Option #4: Red Sister

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It is important, when killing a nun, to ensure that you bring an army of sufficient size. For Sister Thorn of the Sweet Mercy Convent, Lano Tacsis brought two hundred men.

Here’s another book I’ve been hearing amazing things about. If this book wins it will be my first venture into the works of Mark Lawrence. (Honestly, even if it doesn’t win it probably still will be with all the great reviews I’ve been reading about it.) 😛

Option #5: Stalking Jack the Ripper

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A fictional tale involving Jack the Ripper. I enjoy historical fiction so this one seemed interesting.

So, those are my choices I selected for my fellow book club ladies to vote on. I’m very curious to see the winner once all the votes are in. So far it’s kind of all over the place, so I’m hoping the remaining two votes will nail down a concrete winner.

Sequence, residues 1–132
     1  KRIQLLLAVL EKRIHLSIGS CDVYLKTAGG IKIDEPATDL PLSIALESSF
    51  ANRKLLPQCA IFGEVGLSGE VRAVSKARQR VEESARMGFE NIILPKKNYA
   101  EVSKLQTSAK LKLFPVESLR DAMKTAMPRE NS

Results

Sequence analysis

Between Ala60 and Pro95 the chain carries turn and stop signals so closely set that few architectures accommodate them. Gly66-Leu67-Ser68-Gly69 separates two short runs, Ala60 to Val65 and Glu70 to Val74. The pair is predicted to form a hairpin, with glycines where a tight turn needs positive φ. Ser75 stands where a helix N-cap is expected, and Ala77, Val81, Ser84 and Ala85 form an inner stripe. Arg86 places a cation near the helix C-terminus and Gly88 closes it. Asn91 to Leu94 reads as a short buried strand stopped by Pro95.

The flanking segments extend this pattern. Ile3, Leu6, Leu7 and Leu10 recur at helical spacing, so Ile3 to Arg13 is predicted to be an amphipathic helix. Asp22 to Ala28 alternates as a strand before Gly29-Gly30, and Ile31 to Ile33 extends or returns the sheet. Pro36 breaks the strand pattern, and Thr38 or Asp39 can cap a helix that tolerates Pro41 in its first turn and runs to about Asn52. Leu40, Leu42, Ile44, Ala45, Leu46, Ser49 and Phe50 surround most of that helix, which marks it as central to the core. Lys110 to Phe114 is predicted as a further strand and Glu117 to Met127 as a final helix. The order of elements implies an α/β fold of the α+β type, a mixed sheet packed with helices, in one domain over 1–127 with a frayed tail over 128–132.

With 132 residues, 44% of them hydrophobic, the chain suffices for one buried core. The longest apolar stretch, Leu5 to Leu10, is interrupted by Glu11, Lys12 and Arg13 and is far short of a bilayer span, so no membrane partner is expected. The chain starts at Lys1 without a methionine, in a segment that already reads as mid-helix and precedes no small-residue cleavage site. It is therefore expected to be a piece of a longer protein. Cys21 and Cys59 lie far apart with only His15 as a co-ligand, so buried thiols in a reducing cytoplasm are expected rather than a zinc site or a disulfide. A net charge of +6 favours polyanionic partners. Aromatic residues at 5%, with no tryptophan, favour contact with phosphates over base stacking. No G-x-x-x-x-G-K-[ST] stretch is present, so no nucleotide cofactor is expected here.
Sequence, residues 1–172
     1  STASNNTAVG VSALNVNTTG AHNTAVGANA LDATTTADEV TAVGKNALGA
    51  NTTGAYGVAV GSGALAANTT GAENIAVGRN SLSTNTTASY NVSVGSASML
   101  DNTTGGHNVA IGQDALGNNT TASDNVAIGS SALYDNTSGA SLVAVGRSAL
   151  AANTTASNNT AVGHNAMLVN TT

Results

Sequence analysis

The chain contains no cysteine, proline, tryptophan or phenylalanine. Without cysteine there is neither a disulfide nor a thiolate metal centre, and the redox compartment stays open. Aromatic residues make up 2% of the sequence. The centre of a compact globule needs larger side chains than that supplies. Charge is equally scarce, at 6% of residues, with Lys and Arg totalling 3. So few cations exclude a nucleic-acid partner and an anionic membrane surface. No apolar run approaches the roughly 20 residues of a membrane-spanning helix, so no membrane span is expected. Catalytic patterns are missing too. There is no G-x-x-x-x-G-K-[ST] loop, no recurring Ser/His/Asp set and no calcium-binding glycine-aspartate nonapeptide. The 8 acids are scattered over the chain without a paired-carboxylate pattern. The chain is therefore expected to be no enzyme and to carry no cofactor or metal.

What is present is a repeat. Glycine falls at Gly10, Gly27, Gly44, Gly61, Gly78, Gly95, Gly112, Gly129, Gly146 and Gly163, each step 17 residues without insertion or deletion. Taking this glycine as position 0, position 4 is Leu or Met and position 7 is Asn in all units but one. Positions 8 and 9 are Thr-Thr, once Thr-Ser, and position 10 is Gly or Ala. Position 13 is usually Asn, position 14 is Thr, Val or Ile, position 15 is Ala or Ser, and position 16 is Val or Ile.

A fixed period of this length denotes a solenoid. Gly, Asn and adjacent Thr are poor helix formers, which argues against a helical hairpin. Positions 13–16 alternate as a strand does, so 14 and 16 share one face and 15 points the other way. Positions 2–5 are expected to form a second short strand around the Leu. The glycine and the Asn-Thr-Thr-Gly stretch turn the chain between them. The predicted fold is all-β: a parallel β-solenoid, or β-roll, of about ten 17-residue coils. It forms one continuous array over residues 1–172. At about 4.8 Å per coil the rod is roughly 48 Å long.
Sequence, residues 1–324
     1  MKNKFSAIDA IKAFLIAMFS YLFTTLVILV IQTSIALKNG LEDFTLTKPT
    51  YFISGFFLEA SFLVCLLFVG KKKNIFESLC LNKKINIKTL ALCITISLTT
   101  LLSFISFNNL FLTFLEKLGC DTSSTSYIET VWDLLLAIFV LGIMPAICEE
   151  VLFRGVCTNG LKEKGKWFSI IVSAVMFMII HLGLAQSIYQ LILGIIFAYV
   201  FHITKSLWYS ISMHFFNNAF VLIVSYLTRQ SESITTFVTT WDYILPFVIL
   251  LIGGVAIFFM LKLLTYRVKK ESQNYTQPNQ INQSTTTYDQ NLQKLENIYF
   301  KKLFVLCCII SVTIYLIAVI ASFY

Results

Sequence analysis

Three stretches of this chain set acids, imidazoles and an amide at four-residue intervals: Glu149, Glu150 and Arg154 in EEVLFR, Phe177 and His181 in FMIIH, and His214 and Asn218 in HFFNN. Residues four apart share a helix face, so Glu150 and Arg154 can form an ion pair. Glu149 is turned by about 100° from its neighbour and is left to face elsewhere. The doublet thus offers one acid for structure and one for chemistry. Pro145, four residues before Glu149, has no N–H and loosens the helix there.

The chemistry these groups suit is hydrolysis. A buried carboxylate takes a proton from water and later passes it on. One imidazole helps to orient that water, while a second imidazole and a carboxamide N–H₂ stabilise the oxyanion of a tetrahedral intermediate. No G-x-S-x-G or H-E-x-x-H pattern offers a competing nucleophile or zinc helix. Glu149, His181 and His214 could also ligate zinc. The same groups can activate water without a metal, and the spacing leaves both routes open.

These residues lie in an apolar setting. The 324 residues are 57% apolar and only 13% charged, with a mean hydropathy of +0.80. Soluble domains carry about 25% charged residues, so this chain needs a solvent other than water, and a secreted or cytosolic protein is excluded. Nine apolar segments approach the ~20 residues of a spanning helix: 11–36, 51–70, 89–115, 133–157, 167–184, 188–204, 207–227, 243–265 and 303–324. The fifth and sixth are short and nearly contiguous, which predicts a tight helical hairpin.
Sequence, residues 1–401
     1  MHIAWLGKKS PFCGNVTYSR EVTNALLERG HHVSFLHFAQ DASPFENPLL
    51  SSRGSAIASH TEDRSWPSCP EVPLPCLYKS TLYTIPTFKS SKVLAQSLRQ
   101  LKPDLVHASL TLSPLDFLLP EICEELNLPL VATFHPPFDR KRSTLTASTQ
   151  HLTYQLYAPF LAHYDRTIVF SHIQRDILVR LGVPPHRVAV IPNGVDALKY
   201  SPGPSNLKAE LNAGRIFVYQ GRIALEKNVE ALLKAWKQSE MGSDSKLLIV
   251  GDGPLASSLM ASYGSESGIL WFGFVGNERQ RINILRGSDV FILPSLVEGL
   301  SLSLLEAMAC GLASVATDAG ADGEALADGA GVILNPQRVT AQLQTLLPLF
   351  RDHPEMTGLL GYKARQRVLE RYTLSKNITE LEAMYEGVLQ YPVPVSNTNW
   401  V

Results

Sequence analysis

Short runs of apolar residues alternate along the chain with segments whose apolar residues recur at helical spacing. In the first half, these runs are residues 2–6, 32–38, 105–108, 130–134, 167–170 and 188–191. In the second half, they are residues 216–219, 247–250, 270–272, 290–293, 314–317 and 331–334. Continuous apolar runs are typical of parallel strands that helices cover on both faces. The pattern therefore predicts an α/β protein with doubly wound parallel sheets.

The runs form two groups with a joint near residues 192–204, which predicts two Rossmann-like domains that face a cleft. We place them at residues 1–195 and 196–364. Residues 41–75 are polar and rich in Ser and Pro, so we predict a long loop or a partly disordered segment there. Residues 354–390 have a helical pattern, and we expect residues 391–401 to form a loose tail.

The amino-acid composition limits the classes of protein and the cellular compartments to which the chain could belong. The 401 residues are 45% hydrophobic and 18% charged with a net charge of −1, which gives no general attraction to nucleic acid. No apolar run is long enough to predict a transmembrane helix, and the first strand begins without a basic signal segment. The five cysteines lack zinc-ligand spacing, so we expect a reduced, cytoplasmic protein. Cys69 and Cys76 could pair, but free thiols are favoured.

Have you read any of these books? If so, what did you think? 🙂

Reading Updates + Inside & Out Book Tag

Hey, there! So now that I’m back home and things have settled down a wee bit (for now anyway) I figured I’d post some quick reading updates, but then the lovely Irena (blogger behind Books & Hot Tea) tagged me for the Inside & Out Book Tag so I’ll just go ahead and blend the two things into one post! If you’ve yet to venture over to her blog I definitely recommend you grab yourself a nice cup of tea and head right on over. Don’t worry about bringing a book of your own though since she always has plenty of good ones to recommend. 😉

So, let’s talk a bit about the most recent book I finished reading:

While visiting, celebrating, and marching in the name of SCIENCE this weekend with BFF an fellow blogger Cupcakes and Machetes, I did manage to squeeze in the time to read next month’s assigned reading for the book club I’m in. C&M had already read it and still had her copy from the library so I just went ahead and gave it a go. The book’s called Finding Me- A Decade of Darkness, A Life Reclaimed – A Memoir of the Cleveland Kidnappings, written by Michelle Knight with Michelle Burford.